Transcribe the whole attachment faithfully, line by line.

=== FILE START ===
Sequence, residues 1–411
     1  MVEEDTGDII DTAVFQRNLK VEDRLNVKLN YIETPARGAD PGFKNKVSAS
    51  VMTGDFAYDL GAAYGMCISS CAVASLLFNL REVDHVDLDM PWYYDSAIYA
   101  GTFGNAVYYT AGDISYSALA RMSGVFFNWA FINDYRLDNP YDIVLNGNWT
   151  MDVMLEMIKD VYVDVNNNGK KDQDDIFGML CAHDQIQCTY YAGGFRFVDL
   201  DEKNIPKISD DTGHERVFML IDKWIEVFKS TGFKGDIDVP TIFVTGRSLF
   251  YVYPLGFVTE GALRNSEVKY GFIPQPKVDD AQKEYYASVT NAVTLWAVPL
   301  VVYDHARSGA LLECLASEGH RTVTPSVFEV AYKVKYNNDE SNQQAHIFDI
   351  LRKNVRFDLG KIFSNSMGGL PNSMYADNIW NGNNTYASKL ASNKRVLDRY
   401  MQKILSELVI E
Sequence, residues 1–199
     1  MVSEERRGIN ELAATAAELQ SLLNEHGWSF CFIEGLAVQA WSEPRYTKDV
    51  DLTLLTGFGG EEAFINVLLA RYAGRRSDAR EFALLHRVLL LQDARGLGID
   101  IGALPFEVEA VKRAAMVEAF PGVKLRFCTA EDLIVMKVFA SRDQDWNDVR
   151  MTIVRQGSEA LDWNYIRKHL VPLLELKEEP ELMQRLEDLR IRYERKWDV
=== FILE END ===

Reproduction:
Sequence, residues 1–411
     1  MVEEDTGDII DTAVFQRNLK VEDRLNVKLN YIETPARGAD PGFKNKVSAS
    51  VMTGDFAYDL GAAYGMCISS CAVASLLFNL REVDHVDLDM PWYYDSAIYA
   101  GTFGNAVYYT AGDISYSALA RMSGVFFNWA FINDYRLDNP YDIVLNGNWT
   151  MDVMLEMIKD VYVDVNNNGK KDQDDIFGML CAHDQIQCTY YAGGFRFVDL
   201  DEKNIPKISD DTGHERVFML IDKWIEVFKS TGFKGDIDVP TIFVTGRSLF
   251  YVYPLGFVTE GALRNSEVKY GFIPQPKVDD AQKEYYASVT NAVTLWAVPL
   301  VVYDHARSGA LLECLASEGH RTVTPSVFEV AYKVKYNNDE SNQQAHIFDI
   351  LRKNVRFDLG KIFSNSMGGL PNSMYADNIW NGNNTYASKL ASNKRVLDRY
   401  MQKILSELVI E
Sequence, residues 1–199
     1  MVSEERRGIN ELAATAAELQ SLLNEHGWSF CFIEGLAVQA WSEPRYTKDV
    51  DLTLLTGFGG EEAFINVLLA RYAGRRSDAR EFALLHRVLL LQDARGLGID
   101  IGALPFEVEA VKRAAMVEAF PGVKLRFCTA EDLIVMKVFA SRDQDWNDVR
   151  MTIVRQGSEA LDWNYIRKHL VPLLELKEEP ELMQRLEDLR IRYERKWDV